- Do the interfaces between the departments operate smoothly?
- Are corrective actions being used adequately in this process?
- Does product information flow freely?
- How are changes controlled?
Ensure that the results of the internal audits are reported to Top management and that appropriate action is taken to correct non-conformances.
Step 9 – Improvement
Clause 10.3 of ISO 9001:2015 requires organizations to ‘continually improve the effectiveness of the quality management system and its process’. Most auditors would expect you to revise the quality system documentation and processes as the quality management system matures or when a new process is implemented.
Processes can always be made more efficient and effective, even when they are producing conforming products. The aim of a continual improvement program is to increase the odds of satisfying customers by identifying areas that need improvement. It requires the organization to plan improvement systems and to take into account many other activities that can be used in the improvement process. Typically, these will be the results from the data analysis.
You will be required to ensure that you continually improve the degree to which your products and services meet customer requirements and to measure effectiveness of your processes. To this end the continual improvement principle implies that you should adopt the attitude that improvement is always possible and that organizations should develop the skills and tools necessary to drive improvement.
The PDCA cycle is a perfect way of introducing continual improvement to your organization’s activities. Each step to improvement can be defined by four sub steps, Plan, Do, Check and Act:
|Plan||Establish a timetable for internal audits and management reviews. Establish the objectives and processes necessary to deliver results in accordance with customer requirements and your organization’s policy. To improve the operation by finding what is going wrong (customer complaints, internal complaints, rework etc.) and come up with ideas for solving the problem.|
|Do||Implement changes designed to solve the problems on a small scale first to see the effect. This minimizes disruption to routine activity while testing whether the changes will work or not.|
|Check||Monitor and measure processes and product against policies, objectives and requirements and report the results. Also check on key activities to ensure that the quality of the output is conforming and not influenced by the changes.|
|Act||Monitor and measure processes and product against policies, objectives and requirements and report the results. Also check on key activities to ensure that the quality of the output is conforming and not influenced by the changes.|
Also act to involve other people, departments or suppliers affected by the changes and whose co-operation is needed to implement them on a larger scale. Make sure that changes are documented properly according to the documentation requirements.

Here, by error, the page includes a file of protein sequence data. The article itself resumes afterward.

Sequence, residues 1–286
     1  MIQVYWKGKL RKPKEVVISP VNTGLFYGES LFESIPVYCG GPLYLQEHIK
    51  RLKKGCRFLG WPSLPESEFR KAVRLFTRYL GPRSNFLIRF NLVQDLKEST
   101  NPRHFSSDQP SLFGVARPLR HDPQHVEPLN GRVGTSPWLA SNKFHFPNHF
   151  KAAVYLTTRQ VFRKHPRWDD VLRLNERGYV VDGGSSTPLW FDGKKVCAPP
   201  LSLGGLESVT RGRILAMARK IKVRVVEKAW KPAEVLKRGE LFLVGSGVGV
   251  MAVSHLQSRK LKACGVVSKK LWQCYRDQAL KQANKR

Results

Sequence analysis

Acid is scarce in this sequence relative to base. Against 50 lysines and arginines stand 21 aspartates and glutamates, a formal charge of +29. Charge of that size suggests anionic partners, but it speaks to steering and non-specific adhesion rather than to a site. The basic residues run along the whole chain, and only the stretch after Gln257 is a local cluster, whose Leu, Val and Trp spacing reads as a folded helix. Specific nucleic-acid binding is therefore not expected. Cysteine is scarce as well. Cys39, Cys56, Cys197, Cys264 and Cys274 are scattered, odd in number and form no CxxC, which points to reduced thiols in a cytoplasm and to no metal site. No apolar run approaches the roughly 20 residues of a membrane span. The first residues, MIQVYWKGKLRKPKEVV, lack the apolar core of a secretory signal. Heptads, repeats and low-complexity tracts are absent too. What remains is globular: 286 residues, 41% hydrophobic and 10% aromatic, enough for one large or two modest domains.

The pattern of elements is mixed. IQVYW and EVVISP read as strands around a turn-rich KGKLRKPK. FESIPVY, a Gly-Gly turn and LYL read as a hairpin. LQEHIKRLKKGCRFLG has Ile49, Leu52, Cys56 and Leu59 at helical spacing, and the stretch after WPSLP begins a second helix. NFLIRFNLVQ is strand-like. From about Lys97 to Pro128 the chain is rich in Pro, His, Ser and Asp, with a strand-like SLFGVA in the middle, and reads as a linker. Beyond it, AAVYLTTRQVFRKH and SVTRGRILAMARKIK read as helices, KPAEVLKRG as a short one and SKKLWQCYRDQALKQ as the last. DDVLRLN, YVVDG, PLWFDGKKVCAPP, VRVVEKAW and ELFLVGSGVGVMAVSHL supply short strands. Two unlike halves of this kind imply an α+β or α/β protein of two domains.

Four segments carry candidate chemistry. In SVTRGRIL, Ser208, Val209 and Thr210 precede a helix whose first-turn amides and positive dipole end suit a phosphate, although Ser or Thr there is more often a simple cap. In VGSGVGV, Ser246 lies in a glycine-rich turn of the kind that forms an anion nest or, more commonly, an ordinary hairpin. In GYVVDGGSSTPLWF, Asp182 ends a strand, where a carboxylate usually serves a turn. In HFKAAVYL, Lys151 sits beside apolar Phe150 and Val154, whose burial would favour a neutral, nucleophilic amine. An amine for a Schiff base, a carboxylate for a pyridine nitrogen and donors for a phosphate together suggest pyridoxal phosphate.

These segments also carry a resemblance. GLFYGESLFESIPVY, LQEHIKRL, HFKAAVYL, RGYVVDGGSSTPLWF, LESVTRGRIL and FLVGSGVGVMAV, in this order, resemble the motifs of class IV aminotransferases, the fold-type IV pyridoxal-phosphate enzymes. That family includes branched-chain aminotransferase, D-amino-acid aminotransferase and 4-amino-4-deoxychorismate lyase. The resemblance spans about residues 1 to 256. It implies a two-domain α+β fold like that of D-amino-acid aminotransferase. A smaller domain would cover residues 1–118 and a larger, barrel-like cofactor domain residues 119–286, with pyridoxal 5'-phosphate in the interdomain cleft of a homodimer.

All management reviews must be documented. Observations, conclusions, and recommendations for further necessary action from the review must be recorded. If any corrective action must be taken, top management should follow up to ensure that the action was effectively implemented.
The purpose and final outcome of the management review should be continual improvement of the QMS. As your organization’s QMS increases in its effectiveness and efficiency, your environmental performance will likewise increase.
Here's what ISO 9001:2015 is really all about: defining a policy, creating a plan devising with relevant objectives. You then implement the system according to the plan. You then begin auditing, monitoring and measuring performance against the plan and reacting to your findings. Bi-annual management reviews are insufficient in frequency to be able react to any issues effectively.
Performance metrics should be monitored with varying frequencies, some hourly, some daily, some weekly and some monthly. Management cannot wait for six months to respond, if they do, it will be too late. Every time management convenes to review and react to performance, it is considered as a management review. Whether they are reviewing an individual's performance, departmental programmes and projects, etc., this should be considered as valid management review.
Some companies have multiple review levels, whereby, each review may require multiple subjects and rely upon multiple metrics as inputs. Sometimes subjects are reviewed at more than one level, e.g. production numbers might be reviewed by the Production teams during daily production meetings and then by senior management, possibly weekly.
Top management might conduct weekly meetings in which they review metrics and objectives to determine if any corrective action is required. The process owner is then responsible for reporting close out progress in the meeting a week later.
More on ISO 9001:2015